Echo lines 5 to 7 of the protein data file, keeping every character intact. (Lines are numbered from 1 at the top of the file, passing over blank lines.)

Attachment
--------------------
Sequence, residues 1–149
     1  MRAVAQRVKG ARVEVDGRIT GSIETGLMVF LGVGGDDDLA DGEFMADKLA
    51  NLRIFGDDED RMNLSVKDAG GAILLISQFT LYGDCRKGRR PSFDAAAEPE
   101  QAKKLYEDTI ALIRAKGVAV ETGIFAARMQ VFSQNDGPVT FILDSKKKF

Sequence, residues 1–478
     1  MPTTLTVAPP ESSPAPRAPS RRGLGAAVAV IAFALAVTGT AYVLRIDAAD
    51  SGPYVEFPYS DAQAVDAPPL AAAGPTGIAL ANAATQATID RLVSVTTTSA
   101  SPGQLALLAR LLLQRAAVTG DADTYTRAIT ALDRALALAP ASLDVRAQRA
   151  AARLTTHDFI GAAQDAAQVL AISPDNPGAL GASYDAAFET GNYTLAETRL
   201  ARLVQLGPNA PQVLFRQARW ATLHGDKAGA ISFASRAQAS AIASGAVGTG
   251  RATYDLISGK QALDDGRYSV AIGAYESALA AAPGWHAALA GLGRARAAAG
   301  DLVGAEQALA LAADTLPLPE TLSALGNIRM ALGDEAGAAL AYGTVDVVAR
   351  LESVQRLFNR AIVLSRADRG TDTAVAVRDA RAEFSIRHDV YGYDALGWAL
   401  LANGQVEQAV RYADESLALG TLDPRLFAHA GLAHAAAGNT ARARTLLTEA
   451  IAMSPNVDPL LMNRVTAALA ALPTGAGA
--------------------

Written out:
Sequence, residues 1–478
     1  MPTTLTVAPP ESSPAPRAPS RRGLGAAVAV IAFALAVTGT AYVLRIDAAD
    51  SGPYVEFPYS DAQAVDAPPL AAAGPTGIAL ANAATQATID RLVSVTTTSA